The man responsible for Taco Bell's advertising puttered among his rose bushes, carefully pulling back branches to clip the dead heads and scoop them into a plastic bucket. One of those white utility buckets like house painters use. It was light, repetitive work which occupied just enough of his brain to induce a kind of walking meditation. Pull, reach, snip, drop; pull, reach, snip, drop. And the idea that by the end of the day, by his hands, the roses would look virile again added another layer of mental pleasure to the chore.
Pull, reach, snip, drop. He felt like a hunter, the dead buds his prey. The sun was high. He felt fed by the sun, as these roses were fed by it, except to reach his full potential, the man responsible for Taco Bell's advertising did not need these roses at all, but these roses depended upon him to reach their full potential. He fed them as much as the sun did, as much as the rain.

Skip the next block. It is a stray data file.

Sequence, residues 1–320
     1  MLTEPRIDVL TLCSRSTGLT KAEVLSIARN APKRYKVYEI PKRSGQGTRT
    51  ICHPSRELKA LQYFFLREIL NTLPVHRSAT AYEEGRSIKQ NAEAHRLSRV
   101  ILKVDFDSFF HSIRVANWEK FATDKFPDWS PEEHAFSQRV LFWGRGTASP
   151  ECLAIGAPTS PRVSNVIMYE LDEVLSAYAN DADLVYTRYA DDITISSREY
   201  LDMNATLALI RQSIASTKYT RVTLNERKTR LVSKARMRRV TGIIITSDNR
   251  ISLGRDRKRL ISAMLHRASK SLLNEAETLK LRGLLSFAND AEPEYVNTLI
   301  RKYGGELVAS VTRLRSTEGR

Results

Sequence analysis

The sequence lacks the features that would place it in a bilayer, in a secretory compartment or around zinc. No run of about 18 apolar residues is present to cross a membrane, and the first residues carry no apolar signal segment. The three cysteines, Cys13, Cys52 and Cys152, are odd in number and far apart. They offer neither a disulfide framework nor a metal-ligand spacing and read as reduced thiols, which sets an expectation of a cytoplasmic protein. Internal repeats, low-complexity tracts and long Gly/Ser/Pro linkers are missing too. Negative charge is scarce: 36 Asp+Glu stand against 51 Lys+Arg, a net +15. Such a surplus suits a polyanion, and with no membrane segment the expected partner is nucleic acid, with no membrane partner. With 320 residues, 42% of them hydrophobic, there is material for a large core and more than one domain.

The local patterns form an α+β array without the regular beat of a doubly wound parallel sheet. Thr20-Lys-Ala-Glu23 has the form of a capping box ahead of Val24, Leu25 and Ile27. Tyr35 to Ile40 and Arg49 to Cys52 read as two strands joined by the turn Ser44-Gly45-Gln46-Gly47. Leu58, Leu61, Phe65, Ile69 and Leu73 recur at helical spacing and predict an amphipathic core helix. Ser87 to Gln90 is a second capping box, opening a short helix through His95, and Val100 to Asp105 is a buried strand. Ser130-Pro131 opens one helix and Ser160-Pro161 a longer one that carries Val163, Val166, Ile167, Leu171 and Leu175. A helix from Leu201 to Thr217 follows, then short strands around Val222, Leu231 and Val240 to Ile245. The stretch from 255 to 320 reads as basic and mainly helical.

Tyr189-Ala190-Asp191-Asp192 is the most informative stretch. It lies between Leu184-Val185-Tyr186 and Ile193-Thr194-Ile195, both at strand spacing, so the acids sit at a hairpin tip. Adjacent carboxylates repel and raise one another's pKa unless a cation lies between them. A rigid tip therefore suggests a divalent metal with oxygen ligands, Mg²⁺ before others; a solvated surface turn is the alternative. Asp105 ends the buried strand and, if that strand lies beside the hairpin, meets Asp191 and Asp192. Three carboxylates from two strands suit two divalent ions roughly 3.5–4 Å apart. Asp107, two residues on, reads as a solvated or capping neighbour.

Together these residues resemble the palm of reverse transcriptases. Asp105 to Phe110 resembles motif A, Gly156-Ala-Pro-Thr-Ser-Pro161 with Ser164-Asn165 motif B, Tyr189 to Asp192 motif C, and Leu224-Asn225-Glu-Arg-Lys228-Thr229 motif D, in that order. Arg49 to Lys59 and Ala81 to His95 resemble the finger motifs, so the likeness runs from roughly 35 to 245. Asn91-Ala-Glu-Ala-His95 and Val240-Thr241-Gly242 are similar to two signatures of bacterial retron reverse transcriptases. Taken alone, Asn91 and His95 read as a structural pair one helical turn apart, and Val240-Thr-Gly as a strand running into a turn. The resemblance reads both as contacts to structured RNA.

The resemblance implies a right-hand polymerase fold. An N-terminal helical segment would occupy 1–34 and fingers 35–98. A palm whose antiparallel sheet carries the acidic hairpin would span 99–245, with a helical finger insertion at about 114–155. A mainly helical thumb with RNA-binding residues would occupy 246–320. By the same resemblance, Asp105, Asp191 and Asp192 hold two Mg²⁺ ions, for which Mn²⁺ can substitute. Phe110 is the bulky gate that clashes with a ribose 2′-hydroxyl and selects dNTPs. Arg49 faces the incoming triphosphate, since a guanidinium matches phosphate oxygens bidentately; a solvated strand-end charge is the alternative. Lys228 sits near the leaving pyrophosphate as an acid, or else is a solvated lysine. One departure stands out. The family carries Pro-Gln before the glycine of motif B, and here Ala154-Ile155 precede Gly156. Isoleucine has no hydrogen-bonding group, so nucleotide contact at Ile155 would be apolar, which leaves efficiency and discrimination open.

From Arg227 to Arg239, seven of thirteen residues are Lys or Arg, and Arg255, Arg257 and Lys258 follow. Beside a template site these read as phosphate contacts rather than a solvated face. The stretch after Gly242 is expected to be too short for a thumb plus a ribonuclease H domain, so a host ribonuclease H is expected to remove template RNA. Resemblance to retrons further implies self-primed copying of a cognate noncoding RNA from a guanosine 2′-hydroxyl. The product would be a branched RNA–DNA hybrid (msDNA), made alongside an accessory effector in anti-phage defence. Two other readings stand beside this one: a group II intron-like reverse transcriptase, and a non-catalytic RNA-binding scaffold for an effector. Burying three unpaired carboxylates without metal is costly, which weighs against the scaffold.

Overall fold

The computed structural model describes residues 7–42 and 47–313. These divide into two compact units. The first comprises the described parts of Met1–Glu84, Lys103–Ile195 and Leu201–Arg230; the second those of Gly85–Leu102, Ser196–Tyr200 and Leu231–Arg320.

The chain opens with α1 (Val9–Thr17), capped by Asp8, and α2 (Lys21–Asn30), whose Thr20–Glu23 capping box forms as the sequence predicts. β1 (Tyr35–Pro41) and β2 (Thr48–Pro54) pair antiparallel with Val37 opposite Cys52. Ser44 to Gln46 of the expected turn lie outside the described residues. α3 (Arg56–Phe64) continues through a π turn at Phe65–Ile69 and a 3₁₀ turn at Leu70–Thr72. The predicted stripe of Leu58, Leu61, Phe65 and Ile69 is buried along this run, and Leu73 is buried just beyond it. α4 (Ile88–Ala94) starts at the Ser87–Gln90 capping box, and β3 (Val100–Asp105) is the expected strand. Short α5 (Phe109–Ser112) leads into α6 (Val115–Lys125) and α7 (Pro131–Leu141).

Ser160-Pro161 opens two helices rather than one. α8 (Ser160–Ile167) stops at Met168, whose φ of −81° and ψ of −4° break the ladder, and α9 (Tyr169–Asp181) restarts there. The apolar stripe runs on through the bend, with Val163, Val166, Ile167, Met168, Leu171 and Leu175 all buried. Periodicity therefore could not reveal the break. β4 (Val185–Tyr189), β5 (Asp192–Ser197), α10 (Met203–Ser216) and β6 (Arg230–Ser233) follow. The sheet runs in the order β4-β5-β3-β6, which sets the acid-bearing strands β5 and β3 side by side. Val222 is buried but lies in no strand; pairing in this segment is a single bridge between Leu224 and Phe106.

He watched the muscles in his forearm as he clipped. The tension as he squeezed, the kinetic crest of the snip, the tendon's release as the hungry mouth of the blades sprung back open, dropping the dead roses' heads. Beheading the few for the good of the many.
The man responsible for Taco Bell's advertising found a clump of four, five wilted buds near the center of one bush, near its heart, and his breath got shallow and quick as he opened the blades of his clippers to their widest point, slid the steel around all five of the dying roses' necks, perfect domes of sweat rising in the thicket of his forearm's hair, he closed his eyes and initiated the first molecular step of millions that, strung together, built the four-act biological ballet he had directed, danced and watched a hundred times already that afternoon; Act I: Pull, Act II: Reach, Act III: Sni-
Clippers falling to the hot dirt. Left eye twitching, he looked out over his yard to the street, to his neighbor driving past, waving. The man responsible for Taco Bell's advertising, behind his smile, through gritted teeth: "You are so fucking stupid." And out the rear window of his neighbor's car, his neighbor's small son waved at him too. "Filth. FILTH." He picked up the clippers and wiped the blades on his shirt.